The problem here is that the markup itself may well be perfectly valid, semantic XHTML. But as soon as you serve it as text/html, the document becomes HTML, because user agents must treat it as such. Without digressing into quantum physics, there is a duality about this; it can be XHTML or HTML depending on when you are observing it. Schrödinger would probably have a field day with this, and perhaps spare the poor cat.
    Birnam wood is come to Dunsinane

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    Hello

    I like to see a website (one page ?) in Real Xhtml
    That runs in the major browser (IE that is), Please

    http://www.xml.com/pub/a/2003/03/19/dive-into-xml.html

  14. #14
    Non-Member lostseed's Avatar
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    You always need a DTD, w3schools is probably slacking

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    Hello

    Why do you Swedish time wasters not tell that IE is not playing Ball browser wise ?

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    Swedish time wasters?

    I've lost count on how many times I've told beginners that XHTML is virtually useless, since it is not supported by IE at all. I've blogged about it again and again. I've said it numerous times in posts here at Sitepoint.

    If you can't be bothered to look, you shouldn't bother to write rude posts either.

    BTW, you can use XHTML with IE ... sort of. If you serve the document with a MIME type of application/xml, IE will recognise it as XML. It still doesn't understand the XHTML namespace, so it will be treated as generic XML. That means you'll have to add a lot of extra CSS rules (like display:block for all block-level elements), but it will work as an XML document.
    Birnam wood is come to Dunsinane

  17. #17
    SitePoint Wizard mPeror's Avatar
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    I've been using the "HTML like"-xHTML for a long time now, and it's syntax rules is much better. I don't like uppercase tags, attributes without quotes (they're not required in HTML4, are they?) and not closing tags like <img> in HTML4. HTML is just ugly and tiresome to me.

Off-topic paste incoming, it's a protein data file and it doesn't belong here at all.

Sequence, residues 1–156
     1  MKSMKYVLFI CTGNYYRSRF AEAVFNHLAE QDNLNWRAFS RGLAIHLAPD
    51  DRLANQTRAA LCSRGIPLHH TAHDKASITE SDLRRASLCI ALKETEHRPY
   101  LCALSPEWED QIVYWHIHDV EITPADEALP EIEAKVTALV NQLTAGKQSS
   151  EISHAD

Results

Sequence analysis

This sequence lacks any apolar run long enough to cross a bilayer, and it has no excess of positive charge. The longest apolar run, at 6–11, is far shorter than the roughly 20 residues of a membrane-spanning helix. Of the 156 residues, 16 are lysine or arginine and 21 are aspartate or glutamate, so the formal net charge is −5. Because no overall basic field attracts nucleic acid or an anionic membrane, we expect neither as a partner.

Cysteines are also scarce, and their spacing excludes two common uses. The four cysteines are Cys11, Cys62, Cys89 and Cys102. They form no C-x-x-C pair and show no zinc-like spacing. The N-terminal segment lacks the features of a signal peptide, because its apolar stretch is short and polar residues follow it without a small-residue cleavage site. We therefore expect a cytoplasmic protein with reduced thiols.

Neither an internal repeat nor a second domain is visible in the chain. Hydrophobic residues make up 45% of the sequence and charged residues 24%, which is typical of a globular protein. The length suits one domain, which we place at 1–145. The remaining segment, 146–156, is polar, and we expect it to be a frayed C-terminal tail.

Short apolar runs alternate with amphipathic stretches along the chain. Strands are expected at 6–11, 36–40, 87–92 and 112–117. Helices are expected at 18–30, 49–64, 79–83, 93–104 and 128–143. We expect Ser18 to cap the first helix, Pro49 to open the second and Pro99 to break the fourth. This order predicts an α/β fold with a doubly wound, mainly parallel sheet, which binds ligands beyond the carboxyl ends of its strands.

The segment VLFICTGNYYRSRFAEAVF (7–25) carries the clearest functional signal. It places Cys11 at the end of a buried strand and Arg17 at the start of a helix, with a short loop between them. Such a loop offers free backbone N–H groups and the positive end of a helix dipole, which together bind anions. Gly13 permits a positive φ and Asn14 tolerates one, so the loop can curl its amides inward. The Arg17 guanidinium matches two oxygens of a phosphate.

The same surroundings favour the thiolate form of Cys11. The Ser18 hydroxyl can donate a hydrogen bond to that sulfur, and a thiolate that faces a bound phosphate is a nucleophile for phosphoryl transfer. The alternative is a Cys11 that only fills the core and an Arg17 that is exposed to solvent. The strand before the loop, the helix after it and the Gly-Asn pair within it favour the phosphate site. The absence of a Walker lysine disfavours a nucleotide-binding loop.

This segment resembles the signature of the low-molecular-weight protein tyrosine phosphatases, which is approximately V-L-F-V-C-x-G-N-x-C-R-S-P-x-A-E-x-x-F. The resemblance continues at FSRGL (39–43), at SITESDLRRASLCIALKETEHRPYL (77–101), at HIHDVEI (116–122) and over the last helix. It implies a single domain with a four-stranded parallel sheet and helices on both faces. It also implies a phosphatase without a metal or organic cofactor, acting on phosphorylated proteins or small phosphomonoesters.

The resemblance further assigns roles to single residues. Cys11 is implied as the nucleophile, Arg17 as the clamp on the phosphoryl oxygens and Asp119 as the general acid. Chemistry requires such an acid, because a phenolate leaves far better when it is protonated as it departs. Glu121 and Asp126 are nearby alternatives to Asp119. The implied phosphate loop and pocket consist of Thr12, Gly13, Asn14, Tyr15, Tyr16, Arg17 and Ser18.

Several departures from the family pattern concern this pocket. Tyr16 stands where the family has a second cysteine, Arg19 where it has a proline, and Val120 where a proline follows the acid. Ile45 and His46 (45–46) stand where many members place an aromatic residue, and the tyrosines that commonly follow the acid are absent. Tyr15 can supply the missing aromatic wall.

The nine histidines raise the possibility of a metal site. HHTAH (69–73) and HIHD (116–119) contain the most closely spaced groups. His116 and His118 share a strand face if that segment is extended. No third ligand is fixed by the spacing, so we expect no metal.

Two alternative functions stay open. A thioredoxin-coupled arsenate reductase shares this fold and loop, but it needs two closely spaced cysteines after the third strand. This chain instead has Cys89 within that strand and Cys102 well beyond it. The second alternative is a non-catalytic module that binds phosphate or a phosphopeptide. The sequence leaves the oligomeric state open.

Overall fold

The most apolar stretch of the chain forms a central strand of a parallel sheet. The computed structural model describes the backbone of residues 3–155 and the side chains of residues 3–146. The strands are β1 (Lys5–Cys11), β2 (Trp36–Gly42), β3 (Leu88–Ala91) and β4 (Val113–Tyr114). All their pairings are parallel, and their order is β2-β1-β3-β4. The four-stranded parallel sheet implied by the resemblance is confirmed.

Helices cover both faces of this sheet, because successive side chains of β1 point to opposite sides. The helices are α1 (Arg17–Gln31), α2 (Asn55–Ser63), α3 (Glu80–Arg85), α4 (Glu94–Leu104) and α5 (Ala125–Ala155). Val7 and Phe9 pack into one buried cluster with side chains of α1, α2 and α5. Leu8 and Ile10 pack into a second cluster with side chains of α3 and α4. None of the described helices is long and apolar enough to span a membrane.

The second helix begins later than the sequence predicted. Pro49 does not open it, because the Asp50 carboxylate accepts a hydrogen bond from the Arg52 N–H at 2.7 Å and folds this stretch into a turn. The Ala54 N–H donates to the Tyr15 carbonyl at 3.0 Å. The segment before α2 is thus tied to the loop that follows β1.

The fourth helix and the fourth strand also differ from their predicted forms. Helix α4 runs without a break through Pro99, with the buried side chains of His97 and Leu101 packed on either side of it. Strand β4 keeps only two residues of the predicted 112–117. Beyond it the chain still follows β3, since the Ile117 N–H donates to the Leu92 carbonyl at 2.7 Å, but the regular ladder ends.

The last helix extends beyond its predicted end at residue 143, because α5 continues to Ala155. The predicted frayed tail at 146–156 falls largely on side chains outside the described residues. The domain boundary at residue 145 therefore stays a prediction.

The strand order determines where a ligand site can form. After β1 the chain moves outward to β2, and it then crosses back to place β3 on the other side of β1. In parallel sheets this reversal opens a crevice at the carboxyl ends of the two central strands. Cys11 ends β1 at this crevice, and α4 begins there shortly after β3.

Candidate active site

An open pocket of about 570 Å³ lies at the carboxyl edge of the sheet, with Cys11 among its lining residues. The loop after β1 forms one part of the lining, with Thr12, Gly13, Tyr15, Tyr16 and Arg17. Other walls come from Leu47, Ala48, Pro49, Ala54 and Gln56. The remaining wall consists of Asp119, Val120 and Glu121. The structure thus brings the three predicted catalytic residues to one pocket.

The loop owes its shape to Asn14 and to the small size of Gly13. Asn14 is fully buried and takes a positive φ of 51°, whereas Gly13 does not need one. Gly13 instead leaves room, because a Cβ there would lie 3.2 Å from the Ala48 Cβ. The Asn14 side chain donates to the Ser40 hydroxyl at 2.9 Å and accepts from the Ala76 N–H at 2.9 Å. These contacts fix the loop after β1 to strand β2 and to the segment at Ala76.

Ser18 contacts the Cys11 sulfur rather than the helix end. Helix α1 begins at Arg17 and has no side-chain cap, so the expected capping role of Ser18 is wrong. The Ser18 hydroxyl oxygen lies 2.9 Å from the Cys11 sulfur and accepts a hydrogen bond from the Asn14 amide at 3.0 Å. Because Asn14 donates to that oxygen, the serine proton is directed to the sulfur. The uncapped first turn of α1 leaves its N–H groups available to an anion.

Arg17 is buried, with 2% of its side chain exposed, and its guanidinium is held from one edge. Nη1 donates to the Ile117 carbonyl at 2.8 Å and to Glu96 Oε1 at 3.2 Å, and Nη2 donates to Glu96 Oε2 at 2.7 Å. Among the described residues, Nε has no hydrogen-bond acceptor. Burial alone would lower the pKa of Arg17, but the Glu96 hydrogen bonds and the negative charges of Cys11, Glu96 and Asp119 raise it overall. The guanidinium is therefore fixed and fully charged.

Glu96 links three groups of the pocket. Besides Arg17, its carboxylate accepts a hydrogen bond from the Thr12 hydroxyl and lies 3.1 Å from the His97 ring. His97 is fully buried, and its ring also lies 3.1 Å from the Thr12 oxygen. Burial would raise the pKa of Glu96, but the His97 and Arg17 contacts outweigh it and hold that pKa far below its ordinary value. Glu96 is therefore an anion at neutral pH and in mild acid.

So is there anyway i can follow xHTML syntax rules while keeping my document perfectly valid?

  18. #18
    SitePoint Author silver trophybronze trophy

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    Quote Originally Posted by mPeror
    I don't like uppercase tags
    HTML is case-insensitive, so you can use lowercase if you like. Most modern HTML authors do, I think. I know I do.

    Quote Originally Posted by mPeror
    attributes without quotes (they're not required in HTML4, are they?)
    Not always, but you are recommended to use them at all times. It's much easier than trying to remember when they're required or not.

    Quote Originally Posted by mPeror
    and not closing tags like <img>
    If that single slash really means that much to you, I guess you'd better stick to 'XHTML'.

    Quote Originally Posted by mPeror
    HTML is just ugly and tiresome to me.
    With the exception of the self-closing tags (and let's be honest, there are very few empty element types anyway) and the XML namespace declaration, you can write HTML 4.01 that looks exactly like the pretend-XHTML that most 'XHTML' authors use.
    HTML Code:
    <!DOCTYPE html PUBLIC "-//W3C//DTD HTML 4.01//EN" "http://www.w3.org/TR/html4/strict.dtd">
    <html lang="en">
      <head>
        <title>Document Title</title>
      </head>
      <body>
        <p>You can't tell whether this is HTML or XHTML without looking closely at the first two lines.</p>
      </body>
    </html>
    Quote Originally Posted by mPeror
    So is there anyway i can follow xHTML syntax rules while keeping my document perfectly valid?
    Valid XHTML, yes. HTML no.
    Last edited by AutisticCuckoo; Dec 21, 2005 at 23:19.
    Birnam wood is come to Dunsinane

  19. #19
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    Quote Originally Posted by AutisticCuckoo
    HTML Code:
    <!DOCTYPE html "-//W3C//DTD HTML 4.01//EN" "http://www.w3.org/TR/html4/strict.dtd">
    While I normally don't care much about whether a doctype declaration is valid or not, this one actually triggers quirks mode in Gecko and WebCore.
    Simon Pieters

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    SitePoint Addict Sojan80's Avatar
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    Quote Originally Posted by AutisticCuckoo
    This all depends on whether you actually use XHTML or if you're just pretending to by serving it as text/html.

    For real XHTML, it should be something like this:
    HTML Code:
    <?xml version="1.0" encoding="utf-8"?>
     <?xml-stylesheet type="text/css" href="/style.css" media="screen,projection"?>
     <!DOCTYPE html "-//W3C//DTD XHTML 1.0 Strict //EN" "http://www.w3.org/TR/xhtml1/DTD/xhtm-strict.dtd">
     <html xmlns="http://www.w3.org/1999/xhtml" xml:lang="en">